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Of God we ask one favor Analysis



Author: poem of Emily Dickinson Type: poem Views: 24

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1601



Of God we ask one favor,

That we may be forgiven—

For what, he is presumed to know—

The Crime, from us, is hidden—

Immured the whole of Life

Within a magic Prison

We reprimand the Happiness

That too competes with Heaven.



Edited by Peter Carter






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||| Analysis | Critique | Overview Below |||

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In this poem, Emily is being very ironic.
“Of God we ask one favor,
That we may be forgiven—“
The poem starts as an ordinary plea for forgiveness, as a prayer of meek, God-fearing people. However, there is a word in this, at first sight, ordinary prayer and that’s “favor”. It introduces a very business-like tone, which implies that these people may not be on good terms with God. We are not asking you as our loving father but as a distant, unfamiliar, possibly unloved, figure on whom we depend. Our relationship with God is cold and distant.
“For what, he is presumed to know—
The Crime, from us, is hidden—“
This is a very bold statement. For what should we be forgiven? What is our crime? Our sins are “hidden” from us, but God presumably knows them. This may indicate that we are not aware of our sins because we don’t believe that we have actually sinned. The first line has a sarcastic tone to it stemming from the word “presumed”. It’s almost as if people make fun of a cruel, nitpicking God who perceives our harmless pleasures as wrongdoings.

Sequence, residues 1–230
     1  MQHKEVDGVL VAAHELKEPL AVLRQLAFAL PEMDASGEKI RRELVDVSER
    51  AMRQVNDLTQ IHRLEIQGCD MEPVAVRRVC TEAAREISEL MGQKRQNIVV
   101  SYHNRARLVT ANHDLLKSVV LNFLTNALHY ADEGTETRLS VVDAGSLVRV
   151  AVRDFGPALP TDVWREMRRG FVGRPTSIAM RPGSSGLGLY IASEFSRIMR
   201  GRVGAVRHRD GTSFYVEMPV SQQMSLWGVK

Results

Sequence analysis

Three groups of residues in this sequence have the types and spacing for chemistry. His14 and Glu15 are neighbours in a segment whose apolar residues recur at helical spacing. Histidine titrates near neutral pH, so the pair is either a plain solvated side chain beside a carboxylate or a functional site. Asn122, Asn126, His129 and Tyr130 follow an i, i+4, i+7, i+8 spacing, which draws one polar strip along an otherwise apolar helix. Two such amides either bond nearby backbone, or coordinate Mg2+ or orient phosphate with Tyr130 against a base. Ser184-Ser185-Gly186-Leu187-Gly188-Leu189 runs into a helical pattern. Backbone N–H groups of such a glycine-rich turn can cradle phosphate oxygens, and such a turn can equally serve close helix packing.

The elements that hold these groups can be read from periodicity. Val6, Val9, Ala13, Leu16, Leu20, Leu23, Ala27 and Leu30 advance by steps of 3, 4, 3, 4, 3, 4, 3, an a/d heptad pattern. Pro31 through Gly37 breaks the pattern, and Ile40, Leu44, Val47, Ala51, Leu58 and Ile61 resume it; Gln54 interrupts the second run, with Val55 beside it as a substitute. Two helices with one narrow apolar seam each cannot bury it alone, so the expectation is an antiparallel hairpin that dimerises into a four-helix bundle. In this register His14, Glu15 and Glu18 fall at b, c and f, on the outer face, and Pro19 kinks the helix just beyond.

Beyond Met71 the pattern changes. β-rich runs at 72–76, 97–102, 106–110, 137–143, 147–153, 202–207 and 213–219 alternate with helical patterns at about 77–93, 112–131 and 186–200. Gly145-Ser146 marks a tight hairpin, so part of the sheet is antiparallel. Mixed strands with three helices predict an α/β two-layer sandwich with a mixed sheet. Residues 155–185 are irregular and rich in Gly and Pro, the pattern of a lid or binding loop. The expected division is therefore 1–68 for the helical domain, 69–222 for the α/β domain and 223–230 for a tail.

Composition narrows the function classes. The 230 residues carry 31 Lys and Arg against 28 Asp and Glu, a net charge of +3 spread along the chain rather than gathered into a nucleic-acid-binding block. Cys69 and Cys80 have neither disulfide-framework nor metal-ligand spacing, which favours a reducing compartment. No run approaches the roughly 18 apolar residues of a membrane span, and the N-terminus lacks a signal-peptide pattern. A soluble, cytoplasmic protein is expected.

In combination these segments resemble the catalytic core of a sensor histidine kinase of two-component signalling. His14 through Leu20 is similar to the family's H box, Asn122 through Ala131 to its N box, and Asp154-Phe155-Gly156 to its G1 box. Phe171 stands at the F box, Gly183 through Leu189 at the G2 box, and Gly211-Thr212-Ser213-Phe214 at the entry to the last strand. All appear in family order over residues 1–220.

“Immured the whole of Life
Within a magic Prison”
Religious fear kept us walled in and only now, that we have burst through the walls, are we able to see that there’s a whole world beyond those walls and that, all this time, we were allowed to see only our dark prison cell. “Magic” prison may refer to the fact that the prison was imaginary with no real walls, but the illusion of them which was forced upon us. This word “magic” also sounds ironic in the sense that it may compare religion to the cheap magic tricks of a magician, something which only at first sight seems real, but is actually a fraud. At this point, we may even assume that the poet is not referring to the actual God, but instead to the institution which represents him and which imposes obscene rules on us in the name of someone/something they don’t really know.
“We reprimand the Happiness
That too competes with Heaven.”
Being in our “magic Prison”, i.e. our minds being ruled over by frauds, we refrain from anything that makes us happy and even “reprimand” anyone who seeks happiness. We can sense that in these lines, the poet suggests that this totally defies common sense. These last two lines are truly provocative since the poet compares our “impure” happiness (considered sins) with Heaven. It’s almost as if she’s saying: “If following my common sense, instead of obeying your ludicrous rules, will cost me Heaven, then so be it.”

| Posted on 2016-01-14 | by a guest




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